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Pub. Type Report
Title North Carolina's Determinate Sentencing Legislation: An Evaluation of the First Year's Experience
Author(s) Clarke, S.H.
Kurtz, S.
Lang, G.F.
Parker, K.L.
Rubinsky, E.W.
Schleicher, D.J.
Subtitle/Series Name
Pub. Date 1983
Abstract The study examined multiple charging, trial court dispositions, trial court delay, sentencing procedure, probation, consecutive prison terms, commitment of youthful offenders, severity and variation in sentencing, changes in effects on sentencing by type of offense and offenders, and effect on prison population. The study involved interviews with prosecutors, judges, and defense attorneys and data from the following sources: a 12-county sample of court processing, a statewide felony sentence sample, the release cohort, and a statewide sample of dispositions for convicted felons. Critics of the Fair Sentencing Act (FSA) feared there might be wholesale evasion of the statute's policies through charging, dismissal, and plea bargaining practices. Study findings indicate that many of the FSA objectives have been achieved: felony sentencing has become more predictable and perhaps even fairer (in the sense of lessened racial disparity), without widespread efforts to undermine the legislation. source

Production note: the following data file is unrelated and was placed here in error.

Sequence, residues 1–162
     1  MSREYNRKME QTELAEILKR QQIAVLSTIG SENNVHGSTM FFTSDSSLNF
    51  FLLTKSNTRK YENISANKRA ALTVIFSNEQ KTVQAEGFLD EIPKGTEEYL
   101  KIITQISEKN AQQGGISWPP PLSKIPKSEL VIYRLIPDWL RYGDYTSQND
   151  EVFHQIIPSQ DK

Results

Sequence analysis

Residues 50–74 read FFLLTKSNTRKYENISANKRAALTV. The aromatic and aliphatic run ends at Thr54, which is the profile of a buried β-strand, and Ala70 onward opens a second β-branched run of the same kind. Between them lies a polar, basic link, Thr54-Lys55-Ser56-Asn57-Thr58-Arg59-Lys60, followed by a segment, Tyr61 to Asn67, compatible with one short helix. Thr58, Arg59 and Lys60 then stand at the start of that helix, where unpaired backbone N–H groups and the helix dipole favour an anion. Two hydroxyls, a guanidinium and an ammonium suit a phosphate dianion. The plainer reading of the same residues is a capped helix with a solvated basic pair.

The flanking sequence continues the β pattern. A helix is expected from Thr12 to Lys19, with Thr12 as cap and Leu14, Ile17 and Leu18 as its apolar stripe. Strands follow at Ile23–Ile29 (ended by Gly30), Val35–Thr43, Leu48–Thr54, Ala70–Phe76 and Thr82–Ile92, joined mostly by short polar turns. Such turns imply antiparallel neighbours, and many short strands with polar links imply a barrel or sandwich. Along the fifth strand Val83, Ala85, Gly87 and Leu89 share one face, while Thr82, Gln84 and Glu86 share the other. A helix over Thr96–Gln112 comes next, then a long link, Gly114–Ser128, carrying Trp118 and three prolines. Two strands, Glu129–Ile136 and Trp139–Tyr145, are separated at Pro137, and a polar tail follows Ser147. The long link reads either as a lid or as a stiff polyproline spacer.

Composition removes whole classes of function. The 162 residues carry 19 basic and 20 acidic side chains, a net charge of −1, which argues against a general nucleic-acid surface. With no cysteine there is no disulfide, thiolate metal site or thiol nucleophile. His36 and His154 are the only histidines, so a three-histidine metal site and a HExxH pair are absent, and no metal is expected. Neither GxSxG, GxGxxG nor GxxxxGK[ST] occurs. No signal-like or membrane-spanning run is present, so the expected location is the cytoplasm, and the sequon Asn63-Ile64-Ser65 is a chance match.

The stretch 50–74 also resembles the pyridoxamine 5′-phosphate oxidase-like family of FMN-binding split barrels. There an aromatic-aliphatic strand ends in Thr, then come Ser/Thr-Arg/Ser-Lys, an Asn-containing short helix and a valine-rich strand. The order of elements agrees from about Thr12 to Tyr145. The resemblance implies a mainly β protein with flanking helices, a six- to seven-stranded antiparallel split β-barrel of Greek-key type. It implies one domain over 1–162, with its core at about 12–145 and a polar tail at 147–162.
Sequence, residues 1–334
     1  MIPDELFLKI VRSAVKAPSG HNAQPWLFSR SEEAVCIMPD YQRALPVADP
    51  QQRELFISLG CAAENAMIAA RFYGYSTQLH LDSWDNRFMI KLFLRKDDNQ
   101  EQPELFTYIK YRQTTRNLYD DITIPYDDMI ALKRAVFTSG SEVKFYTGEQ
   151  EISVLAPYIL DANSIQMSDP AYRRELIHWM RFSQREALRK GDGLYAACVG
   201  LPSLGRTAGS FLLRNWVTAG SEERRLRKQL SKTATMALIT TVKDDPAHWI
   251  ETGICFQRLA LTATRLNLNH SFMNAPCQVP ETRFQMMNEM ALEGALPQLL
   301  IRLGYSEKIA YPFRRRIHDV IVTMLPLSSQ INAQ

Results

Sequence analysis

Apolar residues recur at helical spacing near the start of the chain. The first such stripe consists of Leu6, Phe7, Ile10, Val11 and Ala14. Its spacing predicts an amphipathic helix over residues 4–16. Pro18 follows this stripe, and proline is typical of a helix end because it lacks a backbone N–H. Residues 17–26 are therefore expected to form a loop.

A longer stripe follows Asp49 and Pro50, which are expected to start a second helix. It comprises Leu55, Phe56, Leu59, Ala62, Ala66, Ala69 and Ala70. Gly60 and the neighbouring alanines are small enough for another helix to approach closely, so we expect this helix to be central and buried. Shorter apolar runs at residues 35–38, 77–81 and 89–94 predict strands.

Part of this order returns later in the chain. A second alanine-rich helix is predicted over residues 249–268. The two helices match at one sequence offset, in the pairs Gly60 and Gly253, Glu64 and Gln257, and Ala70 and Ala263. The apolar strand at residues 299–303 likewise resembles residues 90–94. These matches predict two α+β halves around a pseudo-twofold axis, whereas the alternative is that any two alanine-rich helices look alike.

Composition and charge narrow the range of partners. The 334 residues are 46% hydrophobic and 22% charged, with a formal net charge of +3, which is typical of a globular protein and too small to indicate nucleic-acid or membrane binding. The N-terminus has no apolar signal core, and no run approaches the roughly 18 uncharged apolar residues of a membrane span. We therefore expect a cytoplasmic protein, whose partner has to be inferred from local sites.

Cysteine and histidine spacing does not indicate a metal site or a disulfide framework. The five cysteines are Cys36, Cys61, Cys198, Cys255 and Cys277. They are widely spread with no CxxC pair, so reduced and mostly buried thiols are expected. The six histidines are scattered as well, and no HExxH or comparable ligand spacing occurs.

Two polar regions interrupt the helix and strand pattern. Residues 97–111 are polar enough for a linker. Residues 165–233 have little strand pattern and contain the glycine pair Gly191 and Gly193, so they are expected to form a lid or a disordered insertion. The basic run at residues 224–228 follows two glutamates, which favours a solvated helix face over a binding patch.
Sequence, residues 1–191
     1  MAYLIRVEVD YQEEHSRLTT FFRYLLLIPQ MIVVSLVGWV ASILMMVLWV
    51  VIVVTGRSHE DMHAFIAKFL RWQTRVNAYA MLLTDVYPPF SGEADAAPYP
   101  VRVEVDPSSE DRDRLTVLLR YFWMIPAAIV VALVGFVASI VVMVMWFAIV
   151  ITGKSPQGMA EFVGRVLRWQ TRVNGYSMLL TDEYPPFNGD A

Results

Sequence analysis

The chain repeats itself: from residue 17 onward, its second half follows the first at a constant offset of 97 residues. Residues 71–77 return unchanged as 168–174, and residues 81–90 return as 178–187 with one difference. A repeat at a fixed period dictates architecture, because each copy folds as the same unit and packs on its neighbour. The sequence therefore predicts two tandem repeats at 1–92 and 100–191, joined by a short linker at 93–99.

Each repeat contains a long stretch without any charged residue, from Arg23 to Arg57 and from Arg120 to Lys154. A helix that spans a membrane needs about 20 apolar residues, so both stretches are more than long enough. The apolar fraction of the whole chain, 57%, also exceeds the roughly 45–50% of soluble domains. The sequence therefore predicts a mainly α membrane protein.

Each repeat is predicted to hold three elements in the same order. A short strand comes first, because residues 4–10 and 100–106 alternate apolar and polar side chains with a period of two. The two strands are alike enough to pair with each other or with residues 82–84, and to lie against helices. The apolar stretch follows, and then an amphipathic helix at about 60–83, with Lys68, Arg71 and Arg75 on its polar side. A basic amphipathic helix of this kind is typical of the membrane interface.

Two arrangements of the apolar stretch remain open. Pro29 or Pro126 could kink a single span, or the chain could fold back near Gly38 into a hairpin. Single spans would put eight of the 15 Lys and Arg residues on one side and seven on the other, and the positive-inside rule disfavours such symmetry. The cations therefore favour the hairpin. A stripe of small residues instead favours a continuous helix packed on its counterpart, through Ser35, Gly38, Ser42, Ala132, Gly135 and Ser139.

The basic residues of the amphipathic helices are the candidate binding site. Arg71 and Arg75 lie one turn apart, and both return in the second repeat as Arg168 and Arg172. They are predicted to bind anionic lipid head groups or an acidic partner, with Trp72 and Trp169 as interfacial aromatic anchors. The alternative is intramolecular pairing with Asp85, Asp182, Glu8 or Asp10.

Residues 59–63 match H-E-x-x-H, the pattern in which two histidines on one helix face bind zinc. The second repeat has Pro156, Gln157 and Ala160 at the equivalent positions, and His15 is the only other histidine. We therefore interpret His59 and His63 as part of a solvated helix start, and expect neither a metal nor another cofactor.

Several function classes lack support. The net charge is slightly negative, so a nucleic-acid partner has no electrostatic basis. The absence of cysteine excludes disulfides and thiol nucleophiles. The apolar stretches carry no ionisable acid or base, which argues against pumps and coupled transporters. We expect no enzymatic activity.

Issue/No. NCJ 93221
Producer United States Department of Justice, National Institute of Justice
Place of Production Washington, DC

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